As a phenomenon within Finnish popular culture, Tom of Finland has gone from secret icon of a forbidden subculture, to acknowledged cartoonist and illustrator, to slightly titillating object marketed to the general public in the form of household products such as stamps, duvet covers, potholders, and coffee. Tom’s creator, Touko Laaksonen (1920–1991) and his life are the subject of a recent film, a musical is also in production. It’s not for nothing that Tom is known these days as the new Moomin.
The current presentation of Touko Laaksonen’s erotic images at Kunsthalle Helsinki expands the phenomenon into art discourse, where the images are lined up for review in a traditional exhibition format, curated as a retrospective art show.
There is an enormous number of anecdotes, stories, symbols, readings, and connotations that surround the phenomenon that is Tom of Finland and the different layers of meaning make a traditional analysis of the images impossible. Then again this may not be the ideal way to approach his work. But that doesn’t mean that it is enough to equate Tom of Finland with Touko Laaksonen, as tends to be the case in public discourse. Laaksonen’s own statements on his work are the main source, even for most attempts at deeper theoretical, historical, or aesthetic analysis.
From a Finnish perspective, the story of Tom of Finland lay hidden for a long time and those who had heard of him were certain the pseudonym didn’t actually have anything to do with their nation. When Ilppo Pohjola made the first Tom of Finland documentary in 1991, Laaksonen emerged as an aging gentleman, living at the corner of Lönnrotsgatan and Fredriksgatan in Helsinki, still busy drawing his own and others’ erotic fantasies. He passed away at 71 from lung emphysema. Finnish pop culture cognoscenti gave him the Puupää award in 1990, acknowledging his work as a prominent cartoonist. The award was accompanied by an exhibition at the MUU gallery.
The exhibition at the Kunsthalle describes Laaksonen’s life story room by room, along with the various phases of his production up to the last decades of his life when he was well established, especially within gay American culture, but also in a broader international sense. The creation of the Tom of Finland Foundation in 1984 in collaboration with Durk Dehner made it possible to control the distribution and archiving of Laaksonen’s work. Since then the foundation, based in Los Angeles, has been working to spread information about Tom of Finland, as well as tolerance and acknowledgement of the importance of erotic art.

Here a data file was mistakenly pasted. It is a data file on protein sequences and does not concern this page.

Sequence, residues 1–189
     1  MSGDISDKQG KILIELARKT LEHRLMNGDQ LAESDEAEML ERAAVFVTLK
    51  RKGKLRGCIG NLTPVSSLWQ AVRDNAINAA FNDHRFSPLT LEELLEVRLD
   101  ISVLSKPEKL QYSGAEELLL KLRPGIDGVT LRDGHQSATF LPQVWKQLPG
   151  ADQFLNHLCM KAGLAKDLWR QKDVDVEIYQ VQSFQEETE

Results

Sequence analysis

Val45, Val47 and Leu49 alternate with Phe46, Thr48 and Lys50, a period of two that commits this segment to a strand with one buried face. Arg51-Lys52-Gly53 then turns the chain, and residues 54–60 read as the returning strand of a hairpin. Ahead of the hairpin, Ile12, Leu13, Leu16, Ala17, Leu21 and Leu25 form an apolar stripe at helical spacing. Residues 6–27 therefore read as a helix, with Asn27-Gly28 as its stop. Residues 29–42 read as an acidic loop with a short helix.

The reception of Tom of Finland’s imagery in Finland is closely tied to the law against deviant sexual behavior that remained in place until quite recently. While Sweden decriminalized homo-sexuality as early as 1944, that did not happen in Finland until 1971. Homosexuality remained classified as a disease until 1981 and it was not until 1999 that the paragraph prohibiting incitement to homosexual behavior was stricken from Finnish law. This lends Laaksonen’s images a strong historical draw and affirms their importance as social documents, both in terms of their design and existence.
The interesting thing about the exhibition’s historical narrative is to see how Laaksonen developed his imagery partly in relation to himself, partly in relation to the various strata of his surroundings. Evidence of his personal development spans student essays in Åbo, studies at an advertising school, fighting the Soviet Union in World War II – which was formative in terms of sexual experience, studies at the Sibelius Academy, a 28-year relationship with Veli Mäkinen, and a professional life spent in advertising.